Wednesday, August 8, 2012

We made the newspaper!!

National Night Out brings in the crowds
The Herald-Sun | Bernard Thomas
Sister s Seanae (L) and Jasmine Thomas (R) with Jadiah Ballentine (center) are marching down Shrewsbury Street ,Tuesday August 07, 2012, during the National Night Out, in the Hope Valley North Neighborhood.
The Herald-Sun | Bernard Thomas

Sister's Seanae (L) and Jasmine Thomas (R) with Jadiah Ballentine (center) are marching down Shrewsbury Street ,Tuesday August 07, 2012, during the National Night Out, in the Hope Valley North Neighborhood.
By KEITH UPCHURCH; 919-419-6612

DURHAM – Two-year-old Danny Rollman swung his head around fast when a shiny, red Durham fire truck pulled up in his neighborhood Tuesday evening.

“Truck!” he said, with dilated pupils and an open mouth.

The fire truck signaled the start of a parade for the Hope Valley North neighborhood as part of its celebration of National Night Out, a crime prevention event held in neighborhoods across the nation.

Danny’s mother, Jennifer Rollman, has lived in the southwestern Durham neighborhood about three years and thinks the event is a good way to get to know other residents.

“There have been a lot of break-ins in the neighborhood, and I think it’s good to have everybody looking out for each other,” she said.

Danny traveled the parade route along Shrewsbury Street in his highly decorated, all-terrain red wagon.

Most paraders either walked or rode their bicycles or tricycles. But 13-year-old Matthew Dowdell’s vehicle of choice was his skateboard, which he’s ridden for years except for the time he broke his arm performing a trick. That put him out of commission for a while.

Matthew, a rising ninth-grader at Jordan High School, said his house was robbed a few years ago while his family was out of town. He likes the idea of National Night Out as a way to reduce the chance of becoming a victim of crime.

Martha Wilaby, president of the Hope Valley North Neighborhood Association, said it’s the first year the area has participated in the National Night Out.

“We’re trying to encourage neighbors to get out and know each other,” she said.

The neighborhood has residents who have lived in their homes for 20 or 30 years but never got to know their neighbors, according to Debbie Lidowski, vice president of the association.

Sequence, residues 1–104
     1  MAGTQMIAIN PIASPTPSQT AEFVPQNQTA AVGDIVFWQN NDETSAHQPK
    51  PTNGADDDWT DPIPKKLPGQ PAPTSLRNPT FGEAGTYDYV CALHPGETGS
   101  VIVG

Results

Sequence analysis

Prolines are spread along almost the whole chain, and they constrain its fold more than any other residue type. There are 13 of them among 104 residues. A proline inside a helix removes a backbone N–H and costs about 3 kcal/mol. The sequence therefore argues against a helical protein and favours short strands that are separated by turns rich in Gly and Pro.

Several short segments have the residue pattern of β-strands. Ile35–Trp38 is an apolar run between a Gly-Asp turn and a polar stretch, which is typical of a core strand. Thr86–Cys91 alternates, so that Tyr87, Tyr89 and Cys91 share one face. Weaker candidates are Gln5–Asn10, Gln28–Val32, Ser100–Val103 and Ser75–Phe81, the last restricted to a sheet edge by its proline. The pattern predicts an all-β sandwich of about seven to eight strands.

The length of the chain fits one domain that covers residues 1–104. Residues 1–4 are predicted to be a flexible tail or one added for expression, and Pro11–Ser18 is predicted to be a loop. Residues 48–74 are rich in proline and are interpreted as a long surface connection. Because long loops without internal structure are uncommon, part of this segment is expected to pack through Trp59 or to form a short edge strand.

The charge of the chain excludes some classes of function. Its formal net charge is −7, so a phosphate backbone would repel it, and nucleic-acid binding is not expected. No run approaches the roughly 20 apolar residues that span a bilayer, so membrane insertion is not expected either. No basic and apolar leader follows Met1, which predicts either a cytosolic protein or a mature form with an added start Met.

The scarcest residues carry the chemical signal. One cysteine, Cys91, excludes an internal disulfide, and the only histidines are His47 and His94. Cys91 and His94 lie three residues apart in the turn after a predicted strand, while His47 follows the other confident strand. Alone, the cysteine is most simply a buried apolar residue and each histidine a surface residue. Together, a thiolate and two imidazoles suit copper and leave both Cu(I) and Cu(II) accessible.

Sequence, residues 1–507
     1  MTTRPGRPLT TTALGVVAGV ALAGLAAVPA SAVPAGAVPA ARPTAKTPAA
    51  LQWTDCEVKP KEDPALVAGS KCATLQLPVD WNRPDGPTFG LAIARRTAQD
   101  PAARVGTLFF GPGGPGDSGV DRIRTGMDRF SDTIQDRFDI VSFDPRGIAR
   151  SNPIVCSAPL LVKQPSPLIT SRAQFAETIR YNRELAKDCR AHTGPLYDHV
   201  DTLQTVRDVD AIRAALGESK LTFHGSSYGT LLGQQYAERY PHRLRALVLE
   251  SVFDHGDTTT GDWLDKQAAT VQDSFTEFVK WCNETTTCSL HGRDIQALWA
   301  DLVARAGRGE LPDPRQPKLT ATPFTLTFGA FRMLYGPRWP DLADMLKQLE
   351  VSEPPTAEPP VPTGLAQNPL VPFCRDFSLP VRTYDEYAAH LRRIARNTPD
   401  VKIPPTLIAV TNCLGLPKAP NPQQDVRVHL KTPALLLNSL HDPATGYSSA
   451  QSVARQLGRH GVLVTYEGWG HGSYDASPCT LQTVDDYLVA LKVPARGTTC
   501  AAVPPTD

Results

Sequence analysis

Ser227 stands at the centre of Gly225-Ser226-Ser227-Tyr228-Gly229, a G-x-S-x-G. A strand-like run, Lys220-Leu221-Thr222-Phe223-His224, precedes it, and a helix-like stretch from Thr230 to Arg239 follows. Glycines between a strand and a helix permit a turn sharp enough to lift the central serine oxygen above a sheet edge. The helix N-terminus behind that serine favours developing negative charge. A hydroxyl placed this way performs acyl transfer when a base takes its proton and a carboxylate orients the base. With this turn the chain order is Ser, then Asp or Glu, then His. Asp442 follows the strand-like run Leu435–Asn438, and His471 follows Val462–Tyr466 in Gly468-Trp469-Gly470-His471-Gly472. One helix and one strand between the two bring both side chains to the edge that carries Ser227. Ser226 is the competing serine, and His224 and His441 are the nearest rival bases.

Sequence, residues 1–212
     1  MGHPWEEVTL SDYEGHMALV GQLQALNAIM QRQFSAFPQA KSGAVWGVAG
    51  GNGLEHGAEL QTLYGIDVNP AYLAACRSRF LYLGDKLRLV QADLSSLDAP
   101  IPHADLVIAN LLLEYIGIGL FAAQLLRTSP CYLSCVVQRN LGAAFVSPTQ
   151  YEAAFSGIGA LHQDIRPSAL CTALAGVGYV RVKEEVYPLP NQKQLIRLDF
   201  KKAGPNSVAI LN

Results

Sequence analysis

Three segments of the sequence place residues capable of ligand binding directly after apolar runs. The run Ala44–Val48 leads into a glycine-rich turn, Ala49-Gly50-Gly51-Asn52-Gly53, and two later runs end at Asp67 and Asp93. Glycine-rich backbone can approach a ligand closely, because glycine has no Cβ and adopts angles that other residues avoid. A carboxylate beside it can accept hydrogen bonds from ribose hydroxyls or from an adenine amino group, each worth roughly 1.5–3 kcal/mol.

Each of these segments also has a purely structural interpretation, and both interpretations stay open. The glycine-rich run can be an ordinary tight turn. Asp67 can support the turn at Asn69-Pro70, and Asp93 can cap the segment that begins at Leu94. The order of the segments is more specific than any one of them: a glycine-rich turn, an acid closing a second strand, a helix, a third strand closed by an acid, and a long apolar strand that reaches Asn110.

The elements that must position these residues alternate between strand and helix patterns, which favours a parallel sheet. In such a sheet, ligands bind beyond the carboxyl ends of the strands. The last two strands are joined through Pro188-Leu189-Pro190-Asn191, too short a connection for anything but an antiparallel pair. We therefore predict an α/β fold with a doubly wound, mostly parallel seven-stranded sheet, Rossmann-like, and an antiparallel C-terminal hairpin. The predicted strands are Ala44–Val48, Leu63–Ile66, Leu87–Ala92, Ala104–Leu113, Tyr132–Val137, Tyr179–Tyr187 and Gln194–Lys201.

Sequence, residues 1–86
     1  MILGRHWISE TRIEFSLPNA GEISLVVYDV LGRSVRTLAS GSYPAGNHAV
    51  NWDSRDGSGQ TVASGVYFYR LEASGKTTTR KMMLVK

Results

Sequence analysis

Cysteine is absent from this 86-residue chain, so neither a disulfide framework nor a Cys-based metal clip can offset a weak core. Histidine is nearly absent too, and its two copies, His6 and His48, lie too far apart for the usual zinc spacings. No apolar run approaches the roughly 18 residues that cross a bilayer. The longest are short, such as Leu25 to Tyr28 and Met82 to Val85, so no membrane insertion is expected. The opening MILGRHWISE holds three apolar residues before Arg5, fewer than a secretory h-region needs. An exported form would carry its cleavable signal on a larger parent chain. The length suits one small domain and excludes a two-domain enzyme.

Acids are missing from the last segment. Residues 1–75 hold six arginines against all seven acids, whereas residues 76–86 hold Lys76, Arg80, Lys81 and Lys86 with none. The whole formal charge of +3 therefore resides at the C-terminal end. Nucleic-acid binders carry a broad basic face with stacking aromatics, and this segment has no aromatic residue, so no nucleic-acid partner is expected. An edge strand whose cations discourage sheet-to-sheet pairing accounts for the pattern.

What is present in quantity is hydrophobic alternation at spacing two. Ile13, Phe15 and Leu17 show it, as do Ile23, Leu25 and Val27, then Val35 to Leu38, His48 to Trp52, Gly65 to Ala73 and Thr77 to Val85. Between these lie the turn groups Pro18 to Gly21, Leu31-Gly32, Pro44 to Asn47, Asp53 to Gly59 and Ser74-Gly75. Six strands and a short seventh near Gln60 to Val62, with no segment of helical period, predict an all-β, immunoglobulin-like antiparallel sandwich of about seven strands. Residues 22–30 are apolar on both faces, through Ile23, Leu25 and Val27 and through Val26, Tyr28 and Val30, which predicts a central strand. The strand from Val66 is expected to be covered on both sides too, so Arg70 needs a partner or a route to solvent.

“We don’t need to know each other’s business, but we need to look out for each other,” she said.

Lidowski said many retirees live in Hope Valley North, and some are frightened to venture out of their homes.

“Many older people won’t even answer their door, even if they know it’s you,” she said. “They’re too scared.”

At Long Meadow Park in East Durham, pastor Terry Shuff was preparing hot dogs, polish sausages and chili dogs for residents in the low-income, high-crime area of the city.

It’s Shuff’s third year organizing National Night Out for the area.

“I’m on these streets just about every day, and we’ve got a lot of problems,” said Shuff, who leads Bull City Outreach Ministries. “We just want to see people’s lives change and help them with their physical and spiritual needs.”

Gwen Chavis, who lives on nearby Driver Street, had tears in her eyes as she remembered the recent beating of a man as he walked through Long Meadow Park.

The man, who has kidney disease and gets dialysis treatment, was a good friend of hers.

“He’s a good person and never bothered nobody,” she said. “It’s just sad to hear about guys beating him up like that. He didn’t deserve that.”

She said that earlier this year, her nephew was robbed and shot on Holloway Street and left for dead. But he recovered after being treated at the hospital.

“There’s just so much crime – that’s why most of the time I just go to the store and come back home,” she said.

Lorie Castillo, who lives near Long Meadow Park, said she’s seen some improvement in the neighborhood in the past year.

“The house where I stay has bullets in it, where children live,” she said. “And a lot more people in the community are coming out and showing themselves. So the neighborhood is starting to get a little better as long as all the parents stick with it, and not let their children grow up the wrong way.

“But I think National Night Out is great.”

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